Charting the Market: A Boom/Bust Year for Active Management
Matt takes a look at the full-year performance figures for active managers across a variety of strategies.
Following the systematic selloff at the onset of the pandemic, coordinated central bank efforts, including quantitative easing (QE) and purchase programs aimed at supporting market liquidity, played a major role in stabilizing and improving the overall risk appetite. However, it wasn’t until the world received positive vaccine development news that the foundations of support laid by policymakers – like a bridge loan to an entrepreneur before they are pre-revenue – that a broad-based market rally started.
Despite the strong returns for risk assets, volatility remains elevated as the CBOE VIX Index registered 218 consecutive days above 20 to close out the year.1 With these erratic movements featuring big up and down days, to say 2020 was challenging would be an understatement. And the trends in active management performance reflect the boom/bust nature of last year.
To help inform investors’ decisions on where to be active in a portfolio, this charting the market highlights the full-year performance figures for active managers across a variety of strategies.
Equity: Hit and miss rates
For this analysis, we broke up the Morningstar universe by the traditional nine-box and overseas categories, calculating the percent of managers in each bucket that outperformed their respective prospectus benchmark (hit rate). This allows for more specific takeaways on which type of active manager did well, or poorly, in 2020. As shown below, only three market segments in US-focused strategies had a hit rate above 50%. As a result, I think it’s fair to conclude that most US active managers had a tough year in 2020.
This notion is furthered by comparing 2020 performance with 2019. Just four segments had a higher hit rate in 2020 than they did in 2019 – despite the elevated volatility and dispersion that typically create a more conducive environment for active stock selection than when dispersion is depressed and stock movements are not differentiated. Yet, until recently, breadth was poor and correlations converged, so not all vitals were conducive.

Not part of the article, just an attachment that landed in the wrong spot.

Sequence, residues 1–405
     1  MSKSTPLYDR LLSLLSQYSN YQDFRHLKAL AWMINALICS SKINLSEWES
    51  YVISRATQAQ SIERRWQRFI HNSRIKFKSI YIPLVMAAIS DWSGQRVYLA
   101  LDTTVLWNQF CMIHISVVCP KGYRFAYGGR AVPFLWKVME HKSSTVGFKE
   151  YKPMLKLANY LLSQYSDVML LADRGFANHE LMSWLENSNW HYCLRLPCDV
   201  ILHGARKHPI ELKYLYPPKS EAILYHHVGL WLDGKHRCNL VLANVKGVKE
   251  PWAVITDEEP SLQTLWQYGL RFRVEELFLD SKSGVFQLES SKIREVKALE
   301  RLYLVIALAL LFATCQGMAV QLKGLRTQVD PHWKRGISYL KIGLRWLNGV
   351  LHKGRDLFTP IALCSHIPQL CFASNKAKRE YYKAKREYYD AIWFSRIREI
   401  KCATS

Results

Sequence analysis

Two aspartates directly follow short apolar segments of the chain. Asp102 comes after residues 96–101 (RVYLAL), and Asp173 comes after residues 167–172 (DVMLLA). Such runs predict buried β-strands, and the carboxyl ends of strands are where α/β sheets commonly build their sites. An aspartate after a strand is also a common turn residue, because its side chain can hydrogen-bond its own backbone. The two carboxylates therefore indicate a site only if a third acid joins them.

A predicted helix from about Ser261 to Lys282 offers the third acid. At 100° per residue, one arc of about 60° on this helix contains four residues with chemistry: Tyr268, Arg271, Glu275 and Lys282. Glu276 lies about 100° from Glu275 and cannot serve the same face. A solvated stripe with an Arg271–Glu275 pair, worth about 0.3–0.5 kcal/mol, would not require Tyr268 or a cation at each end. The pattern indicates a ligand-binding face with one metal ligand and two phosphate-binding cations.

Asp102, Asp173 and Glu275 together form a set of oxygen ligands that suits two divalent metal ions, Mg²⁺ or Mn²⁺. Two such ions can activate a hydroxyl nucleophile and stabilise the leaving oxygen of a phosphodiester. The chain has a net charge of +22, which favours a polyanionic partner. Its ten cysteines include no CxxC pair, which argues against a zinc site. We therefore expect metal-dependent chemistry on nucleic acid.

Growth managers, irrespective of market cap focus, had the strongest hit rates in 2020, underscoring how growth drove the market. However, the tide did shift in the fourth quarter following positive vaccine news that sparked a reflation rally. Both large- and mid-cap value managers had the strongest hit rates over the last three months of the year. The same effect was evident overseas, with foreign value managers staging a bit of a comeback in the fourth quarter (56% hit rate).
Yet, growth won out overall in 2020. Counter to the performance trends in broad US funds, emerging market managers and foreign fared better overall – both posted hit rates over 50% alongside positive average excess returns (2.93% and 1.41%, respectively).2
Oddly, both the full-year growth performance and the value boost in the fourth quarter run counter to the index purity theory3 – a premise that essentially states that when the value style is in favor, growth managers should do well versus their benchmark as a result of having some form of style drift (e.g. some value exposure) and vice versa. Now, the purer a value exposure was the stronger the performance, evidenced by the S&P 500 Pure Value Index outperforming the S&P 500 Value Index by 11.40% in the fourth quarter.4 Looking ahead, if the value rally holds and the trends from the fourth quarter persist for active managers, this could lead to a renaissance for value managers versus the traditional value benchmarks that are not as “valuey,” given their naive construction and cap weighting process.
Fixed Income: Hit and miss rates